Harry's fight will move you to tears
Living within the shackles of cystic fibrosis is pretty tough when you are 4.
Harry Ensor has a condition he can't pronounce, yet he is old enough to know that he is different from the other little boys.
Harry has to swallow up to 20 pills a day, endure a nebuliser and physiotherapy ritual every morning and night and often struggles to keep up with his baby sister.
He treats hospital admissions like they are "camping trips".
Every time he eats, Harry must swallow an enzyme pill to help him absorb fats. He calls the pills his "enzies".
"Do I have to have them forever?" the 4-year-old recently asked his mother.
"Yes, you will," Charlotte Ensor, 35, replied.
Harry is already "making up cunning wee excuses" for his illness. For example, when he gets tired running around with his sister outside, he will come in and say, "It is a bit too windy for me out there".
Watching children live within the shackles of cystic fibrosis (CF) is just as hard on the parents.
Ensor and her husband, Guy, 40, found out Harry had the genetic lung disease when he was only seven weeks old.
"I initially felt quite angry and upset but then you learn to accept it. It is almost like grieving, but grieving for what you have not yet lost," Ensor said.
"Pretty soon after we just decided that's the hand we have been dealt and that we were just going to raise him as normally as possible," her husband said.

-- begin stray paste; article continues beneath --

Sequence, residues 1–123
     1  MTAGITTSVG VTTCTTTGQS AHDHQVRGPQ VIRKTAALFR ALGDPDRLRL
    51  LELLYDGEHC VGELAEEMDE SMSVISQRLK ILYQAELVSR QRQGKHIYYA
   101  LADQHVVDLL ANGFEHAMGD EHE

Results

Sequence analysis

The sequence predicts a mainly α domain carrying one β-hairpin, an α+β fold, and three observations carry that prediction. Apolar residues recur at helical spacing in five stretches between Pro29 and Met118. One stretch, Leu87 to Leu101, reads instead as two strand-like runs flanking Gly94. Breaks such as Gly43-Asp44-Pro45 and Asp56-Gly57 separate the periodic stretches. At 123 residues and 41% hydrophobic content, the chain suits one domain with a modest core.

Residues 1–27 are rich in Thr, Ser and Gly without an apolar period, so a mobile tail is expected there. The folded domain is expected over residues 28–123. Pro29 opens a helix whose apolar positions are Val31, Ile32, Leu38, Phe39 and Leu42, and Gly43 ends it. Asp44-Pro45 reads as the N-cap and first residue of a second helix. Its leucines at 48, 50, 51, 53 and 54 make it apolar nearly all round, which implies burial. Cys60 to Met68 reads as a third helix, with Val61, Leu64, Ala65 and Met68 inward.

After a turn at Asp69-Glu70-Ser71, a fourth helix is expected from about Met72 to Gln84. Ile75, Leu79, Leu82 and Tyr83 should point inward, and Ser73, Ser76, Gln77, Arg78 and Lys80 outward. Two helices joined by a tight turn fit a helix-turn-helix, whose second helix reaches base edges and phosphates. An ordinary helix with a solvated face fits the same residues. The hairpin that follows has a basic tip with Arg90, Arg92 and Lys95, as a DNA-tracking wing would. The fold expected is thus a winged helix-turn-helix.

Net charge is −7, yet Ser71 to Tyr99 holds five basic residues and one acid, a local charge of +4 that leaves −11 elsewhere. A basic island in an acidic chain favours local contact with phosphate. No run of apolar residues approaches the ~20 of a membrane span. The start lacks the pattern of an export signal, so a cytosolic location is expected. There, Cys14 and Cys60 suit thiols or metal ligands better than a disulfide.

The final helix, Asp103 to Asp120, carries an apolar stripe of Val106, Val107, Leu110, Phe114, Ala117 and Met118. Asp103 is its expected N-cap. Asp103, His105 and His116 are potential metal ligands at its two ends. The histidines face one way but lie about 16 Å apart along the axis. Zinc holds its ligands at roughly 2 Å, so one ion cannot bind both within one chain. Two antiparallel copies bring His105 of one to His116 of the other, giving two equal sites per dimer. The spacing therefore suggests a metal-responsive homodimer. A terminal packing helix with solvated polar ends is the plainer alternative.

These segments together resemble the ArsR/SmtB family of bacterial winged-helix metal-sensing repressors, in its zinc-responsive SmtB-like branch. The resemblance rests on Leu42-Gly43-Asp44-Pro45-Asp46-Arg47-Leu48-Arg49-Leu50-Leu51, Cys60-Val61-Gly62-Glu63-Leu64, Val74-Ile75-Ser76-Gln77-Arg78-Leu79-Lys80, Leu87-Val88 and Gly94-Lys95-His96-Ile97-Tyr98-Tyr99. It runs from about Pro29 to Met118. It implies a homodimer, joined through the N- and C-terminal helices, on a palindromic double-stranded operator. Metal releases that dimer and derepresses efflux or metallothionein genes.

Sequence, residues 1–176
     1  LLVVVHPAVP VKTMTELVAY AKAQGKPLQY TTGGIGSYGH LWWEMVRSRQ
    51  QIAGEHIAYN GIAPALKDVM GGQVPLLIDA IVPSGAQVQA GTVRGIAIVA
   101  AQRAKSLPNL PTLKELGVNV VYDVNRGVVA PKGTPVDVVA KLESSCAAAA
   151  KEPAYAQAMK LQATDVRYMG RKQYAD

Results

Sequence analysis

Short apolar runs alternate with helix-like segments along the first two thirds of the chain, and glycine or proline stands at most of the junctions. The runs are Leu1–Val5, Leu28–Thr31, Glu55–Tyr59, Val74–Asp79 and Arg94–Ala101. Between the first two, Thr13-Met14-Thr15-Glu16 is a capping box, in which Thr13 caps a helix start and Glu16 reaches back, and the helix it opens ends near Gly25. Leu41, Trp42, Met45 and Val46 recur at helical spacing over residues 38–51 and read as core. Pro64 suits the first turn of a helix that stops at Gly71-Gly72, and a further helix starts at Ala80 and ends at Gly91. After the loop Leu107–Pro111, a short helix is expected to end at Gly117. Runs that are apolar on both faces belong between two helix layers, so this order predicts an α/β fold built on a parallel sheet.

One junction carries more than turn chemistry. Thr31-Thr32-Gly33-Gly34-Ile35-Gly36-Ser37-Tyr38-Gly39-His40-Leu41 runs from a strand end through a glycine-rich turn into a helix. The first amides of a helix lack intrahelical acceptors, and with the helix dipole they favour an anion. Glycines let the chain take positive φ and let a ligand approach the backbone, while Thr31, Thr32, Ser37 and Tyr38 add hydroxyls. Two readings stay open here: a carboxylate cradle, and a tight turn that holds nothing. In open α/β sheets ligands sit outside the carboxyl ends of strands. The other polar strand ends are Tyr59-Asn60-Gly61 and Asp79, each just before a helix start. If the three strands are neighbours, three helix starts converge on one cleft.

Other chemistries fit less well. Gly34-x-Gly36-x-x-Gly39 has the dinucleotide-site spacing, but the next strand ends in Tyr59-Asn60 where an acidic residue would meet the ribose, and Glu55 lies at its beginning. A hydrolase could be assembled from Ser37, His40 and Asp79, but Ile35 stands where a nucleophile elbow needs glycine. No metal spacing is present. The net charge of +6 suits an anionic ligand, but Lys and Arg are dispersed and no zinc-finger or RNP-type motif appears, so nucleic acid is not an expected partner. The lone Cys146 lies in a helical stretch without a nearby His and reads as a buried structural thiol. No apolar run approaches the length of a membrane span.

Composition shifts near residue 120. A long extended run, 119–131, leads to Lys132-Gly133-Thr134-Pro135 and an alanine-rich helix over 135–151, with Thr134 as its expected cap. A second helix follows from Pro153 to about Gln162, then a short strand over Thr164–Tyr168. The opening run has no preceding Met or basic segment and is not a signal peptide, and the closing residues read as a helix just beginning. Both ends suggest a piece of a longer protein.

The couple were advised not to Google the condition or read about it "because it is too depressing".
CF has no cure and it is not known how long Harry will live.
"Not knowing how long we will have him for is the hardest part. Is he going to die when he is 10 or when he is 20? Is he going to outlive me? You just don't know," Ensor said, watching Harry inhale a saline solution through his nebuliser.
Infants born with CF 70 years ago would have been lucky to live beyond their first year, but as science and technology have progressed, the median life expectancy has increased to 37.
CF affects several organs, especially the lungs and pancreas, by clogging them with thick, sticky mucus. It can cause shortness of breath, a chronic cough and repeated chest infections.
Harry uses a nebuliser to break up the sticky mucus that forms on his lungs and his parents then do "vibration physio", patting his chest and back to try to dislodge it, for about 20 minutes twice a day.
"He has been poked and prodded since he was six weeks old and is incredibly compliant now," Ensor said.
There are only 50 children in greater Canterbury who have the disease.
The Ensors are sharing Harry's story in the hope of raising awareness of the disease as they are tired of "going through the whole nine yards of explaining what it is" every time they meet someone new.
Ensor and her friends held a fundraiser for the Canterbury branch of the Cystic Fibrosis Association of New Zealand last Friday and raised almost $35,000 which will go to families struggling to cope with the disease.
A group of friends will run this year's Christchurch Half Marathon on Sunday to raise money for the association under the team name "Run Harry Run". To support Harry and donate, go to the website: givealittle.co.nz/org/RunHarryRun.